Art And Culture

Amir Naderi Honored at Venice Film Festival

Claudia Potenza (L), Amir Naderi (C) and Andrea Sartoretti in the press conference at Venice Film Festival, September 5.Claudia Potenza (L), Amir Naderi (C) and Andrea Sartoretti in the press conference at Venice Film Festival, September 5.

Iranian director Amir Naderi received the Jaeger-LeCoultre Glory to the Filmmaker Award at the 73rd Venice Film Festival, for his significant contribution to a new era of Iranian films, on September 5.

The ceremony was held before the world premiere of his new film ‘Monte’, a joint production of Italy, France and the US, Mehr News Agency reported.

“Naderi gave fundamental impetus to the birth of Iranian cinema during the 1970s and 80s, with several masterpieces destined to leave their mark on the history of cinema,” said Alberto Barbera, director of the festival.

Born in the southern Iranian city of Abadan, Naderi, 70, made his directorial debut with ‘Goodbye Friend’ in 1971, and soon became one of the best known figures in Iran’s film industry. He entered the international spotlight with ‘Tangsir’ (1974). ‘The Runner’ (1985) and ‘Water, Wind, Soil’ (1989) both won the Golden Montgolfiere at Three Continents Festival in Nantes.

“Every film he has made clearly displays the nucleus of an identical obsession which transcends the principle of reality in order to force individuals beyond their own limits,” Barbera added.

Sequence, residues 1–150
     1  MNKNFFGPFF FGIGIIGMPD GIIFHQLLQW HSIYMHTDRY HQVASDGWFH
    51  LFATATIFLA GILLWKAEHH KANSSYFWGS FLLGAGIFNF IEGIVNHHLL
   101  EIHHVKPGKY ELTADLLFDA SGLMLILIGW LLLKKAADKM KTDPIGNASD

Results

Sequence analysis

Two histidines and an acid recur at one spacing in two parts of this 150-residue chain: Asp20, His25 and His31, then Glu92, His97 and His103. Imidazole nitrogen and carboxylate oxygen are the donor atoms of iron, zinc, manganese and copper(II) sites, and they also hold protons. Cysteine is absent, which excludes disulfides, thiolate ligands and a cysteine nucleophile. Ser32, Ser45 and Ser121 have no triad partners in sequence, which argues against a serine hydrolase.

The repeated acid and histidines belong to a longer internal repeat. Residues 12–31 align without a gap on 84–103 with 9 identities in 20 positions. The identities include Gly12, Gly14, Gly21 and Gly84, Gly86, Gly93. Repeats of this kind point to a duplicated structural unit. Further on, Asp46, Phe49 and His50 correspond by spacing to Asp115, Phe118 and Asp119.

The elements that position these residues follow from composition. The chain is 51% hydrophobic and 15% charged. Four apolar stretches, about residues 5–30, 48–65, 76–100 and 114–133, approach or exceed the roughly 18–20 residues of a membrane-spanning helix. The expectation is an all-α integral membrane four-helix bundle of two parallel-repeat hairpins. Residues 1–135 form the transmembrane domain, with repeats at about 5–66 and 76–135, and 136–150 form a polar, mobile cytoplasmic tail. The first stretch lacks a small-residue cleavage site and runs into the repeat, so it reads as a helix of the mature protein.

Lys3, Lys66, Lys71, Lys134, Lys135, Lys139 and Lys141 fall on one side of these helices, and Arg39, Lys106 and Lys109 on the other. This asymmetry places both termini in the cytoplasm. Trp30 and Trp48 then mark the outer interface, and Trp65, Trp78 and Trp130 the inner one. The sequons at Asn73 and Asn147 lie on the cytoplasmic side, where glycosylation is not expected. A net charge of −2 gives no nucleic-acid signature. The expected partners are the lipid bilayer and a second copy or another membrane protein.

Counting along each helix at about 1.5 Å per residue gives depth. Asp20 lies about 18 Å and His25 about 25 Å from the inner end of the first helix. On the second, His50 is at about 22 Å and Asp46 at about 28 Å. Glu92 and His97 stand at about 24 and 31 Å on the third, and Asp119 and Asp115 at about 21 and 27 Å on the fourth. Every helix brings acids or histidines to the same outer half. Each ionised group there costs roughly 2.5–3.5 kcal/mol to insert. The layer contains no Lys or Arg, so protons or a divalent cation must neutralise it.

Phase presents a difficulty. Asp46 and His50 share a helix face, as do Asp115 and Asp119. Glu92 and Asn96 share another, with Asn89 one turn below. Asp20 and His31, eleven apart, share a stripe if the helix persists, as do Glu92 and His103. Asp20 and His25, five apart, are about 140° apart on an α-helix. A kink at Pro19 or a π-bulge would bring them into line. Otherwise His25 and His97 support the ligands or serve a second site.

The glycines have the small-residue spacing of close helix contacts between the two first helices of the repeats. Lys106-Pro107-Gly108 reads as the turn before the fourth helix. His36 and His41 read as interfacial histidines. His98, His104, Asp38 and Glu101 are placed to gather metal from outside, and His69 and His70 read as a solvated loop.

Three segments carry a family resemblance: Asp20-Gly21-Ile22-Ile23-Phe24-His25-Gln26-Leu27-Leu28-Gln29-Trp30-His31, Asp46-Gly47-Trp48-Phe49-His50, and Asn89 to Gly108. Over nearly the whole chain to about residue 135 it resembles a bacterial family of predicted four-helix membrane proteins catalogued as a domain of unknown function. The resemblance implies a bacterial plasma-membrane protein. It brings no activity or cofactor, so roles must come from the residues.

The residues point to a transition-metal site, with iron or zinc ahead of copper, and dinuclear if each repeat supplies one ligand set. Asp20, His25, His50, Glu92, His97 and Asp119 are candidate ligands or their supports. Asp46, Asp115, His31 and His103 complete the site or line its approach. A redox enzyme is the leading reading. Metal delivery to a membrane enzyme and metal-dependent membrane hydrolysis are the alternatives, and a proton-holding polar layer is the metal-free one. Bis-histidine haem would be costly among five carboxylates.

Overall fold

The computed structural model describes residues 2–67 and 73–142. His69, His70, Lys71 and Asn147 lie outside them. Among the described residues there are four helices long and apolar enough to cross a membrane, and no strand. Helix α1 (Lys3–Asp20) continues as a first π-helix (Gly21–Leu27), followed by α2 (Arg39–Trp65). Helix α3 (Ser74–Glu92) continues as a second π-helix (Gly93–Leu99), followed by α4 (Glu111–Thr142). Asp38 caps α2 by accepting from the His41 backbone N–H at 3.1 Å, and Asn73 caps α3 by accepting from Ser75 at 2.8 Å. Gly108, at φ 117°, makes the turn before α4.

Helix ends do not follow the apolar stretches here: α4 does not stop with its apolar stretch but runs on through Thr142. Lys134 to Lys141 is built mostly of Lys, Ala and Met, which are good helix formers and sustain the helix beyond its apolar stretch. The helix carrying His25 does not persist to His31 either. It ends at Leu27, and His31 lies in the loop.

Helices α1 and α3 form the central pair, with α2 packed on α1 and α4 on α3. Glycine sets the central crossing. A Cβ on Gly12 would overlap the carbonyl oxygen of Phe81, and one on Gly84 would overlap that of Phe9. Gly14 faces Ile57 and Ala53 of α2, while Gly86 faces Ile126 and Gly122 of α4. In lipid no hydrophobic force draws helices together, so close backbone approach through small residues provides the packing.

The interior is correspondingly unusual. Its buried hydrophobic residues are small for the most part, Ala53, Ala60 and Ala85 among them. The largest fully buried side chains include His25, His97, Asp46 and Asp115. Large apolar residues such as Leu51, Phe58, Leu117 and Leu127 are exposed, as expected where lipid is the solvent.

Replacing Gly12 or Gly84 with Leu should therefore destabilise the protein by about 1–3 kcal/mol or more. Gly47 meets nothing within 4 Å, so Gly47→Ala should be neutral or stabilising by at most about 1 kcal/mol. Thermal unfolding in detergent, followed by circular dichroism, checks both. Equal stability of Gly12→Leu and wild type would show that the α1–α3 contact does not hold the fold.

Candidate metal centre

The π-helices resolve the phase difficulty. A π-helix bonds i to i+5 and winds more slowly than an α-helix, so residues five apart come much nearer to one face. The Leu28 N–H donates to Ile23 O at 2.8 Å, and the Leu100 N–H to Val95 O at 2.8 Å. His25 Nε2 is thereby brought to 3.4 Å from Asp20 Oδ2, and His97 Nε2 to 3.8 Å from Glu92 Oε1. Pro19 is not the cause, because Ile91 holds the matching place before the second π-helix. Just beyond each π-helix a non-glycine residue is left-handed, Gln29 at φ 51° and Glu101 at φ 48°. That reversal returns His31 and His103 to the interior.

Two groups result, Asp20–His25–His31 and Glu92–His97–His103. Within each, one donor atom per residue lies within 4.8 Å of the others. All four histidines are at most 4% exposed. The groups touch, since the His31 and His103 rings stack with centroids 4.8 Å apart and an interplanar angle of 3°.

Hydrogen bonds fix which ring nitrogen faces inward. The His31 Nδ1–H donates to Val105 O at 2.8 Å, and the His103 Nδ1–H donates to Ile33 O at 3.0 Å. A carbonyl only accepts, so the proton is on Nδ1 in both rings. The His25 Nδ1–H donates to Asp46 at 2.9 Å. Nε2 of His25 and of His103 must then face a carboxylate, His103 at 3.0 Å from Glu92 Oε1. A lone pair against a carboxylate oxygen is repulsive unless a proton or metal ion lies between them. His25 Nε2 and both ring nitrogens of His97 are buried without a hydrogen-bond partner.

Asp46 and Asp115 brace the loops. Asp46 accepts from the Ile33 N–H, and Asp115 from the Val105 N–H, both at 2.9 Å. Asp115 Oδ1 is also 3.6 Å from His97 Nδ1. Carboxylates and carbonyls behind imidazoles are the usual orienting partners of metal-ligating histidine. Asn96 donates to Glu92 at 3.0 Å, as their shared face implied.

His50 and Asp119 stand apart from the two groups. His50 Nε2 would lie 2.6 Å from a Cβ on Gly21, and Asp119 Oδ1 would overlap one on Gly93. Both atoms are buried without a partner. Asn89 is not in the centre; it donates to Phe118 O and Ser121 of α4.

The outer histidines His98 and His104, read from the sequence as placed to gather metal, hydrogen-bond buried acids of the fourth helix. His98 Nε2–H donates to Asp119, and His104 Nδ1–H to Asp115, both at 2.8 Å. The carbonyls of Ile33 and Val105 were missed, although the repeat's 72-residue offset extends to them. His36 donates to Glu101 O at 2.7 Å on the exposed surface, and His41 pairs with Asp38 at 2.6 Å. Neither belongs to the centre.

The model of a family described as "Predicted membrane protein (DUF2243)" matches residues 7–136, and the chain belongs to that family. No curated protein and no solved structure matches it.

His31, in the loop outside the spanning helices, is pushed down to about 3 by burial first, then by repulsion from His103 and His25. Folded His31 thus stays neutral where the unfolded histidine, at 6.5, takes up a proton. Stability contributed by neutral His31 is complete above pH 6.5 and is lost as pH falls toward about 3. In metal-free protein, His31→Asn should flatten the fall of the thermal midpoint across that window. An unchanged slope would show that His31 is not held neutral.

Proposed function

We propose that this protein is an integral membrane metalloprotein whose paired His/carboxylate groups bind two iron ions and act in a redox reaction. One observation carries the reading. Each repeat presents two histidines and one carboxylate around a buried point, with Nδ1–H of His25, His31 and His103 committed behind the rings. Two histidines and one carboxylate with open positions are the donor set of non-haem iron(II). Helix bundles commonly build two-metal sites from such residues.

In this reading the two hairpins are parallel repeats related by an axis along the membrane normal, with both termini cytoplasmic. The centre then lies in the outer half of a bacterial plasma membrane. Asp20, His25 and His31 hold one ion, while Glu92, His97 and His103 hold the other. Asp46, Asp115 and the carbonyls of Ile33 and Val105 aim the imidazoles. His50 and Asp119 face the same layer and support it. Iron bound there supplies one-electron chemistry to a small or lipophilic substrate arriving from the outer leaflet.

Naderi’s first film in Italy, ‘Monte’ was screened out of competition at this year’s festival. It is set centuries ago in 1350, and tells a dramatic story of a man who makes every attempt to bring sunlight into his village, where his family is barely able to survive because of the prevailing darkness.

Italian actors Andrea Sartoretti and Claudia Potenza star in the film. The Jaeger-LeCoultre Glory to the Filmmaker award was established 10 years ago to honor personalities who have made a significant contribution to contemporary cinema and was first presented to the late Iranian auteur Abbas Kiarostami, who passed away in July. The other winners include American filmmaker Brian De Palma and American actor Al Pacino.

  Upsetting Absence

“Kiarostami’s absence upsets me. We were like brothers and now it is as if the link between us is broken,” Naderi said about his fellow filmmaker.

While Kiarostami was based in Iran and made several movies in his homeland, Naderi moved to the US in the mid ’80s. “He always asked me to return to Iran but I wanted to make movies in other parts of the world as well. I love my country and was at the peak of my career then but I chose a different path,” Naderi noted.

In the US, he made ‘Sound Barrier’, which won the Roberto Rossellini Critics’ Prize at the Rome Film Festival in 2005, and ‘Vegas: Based on a True Story’, which premiered in competition at Venice in 2008.

Naderi said he is proud of Iranian cinema as it is one of the best in the world. He said that there are plenty of young talented filmmakers whose works are seen across the globe. “I am sure Iranian directors will keep on surprising the world in future too,” he added.

Venice Film Festival will run through September 10.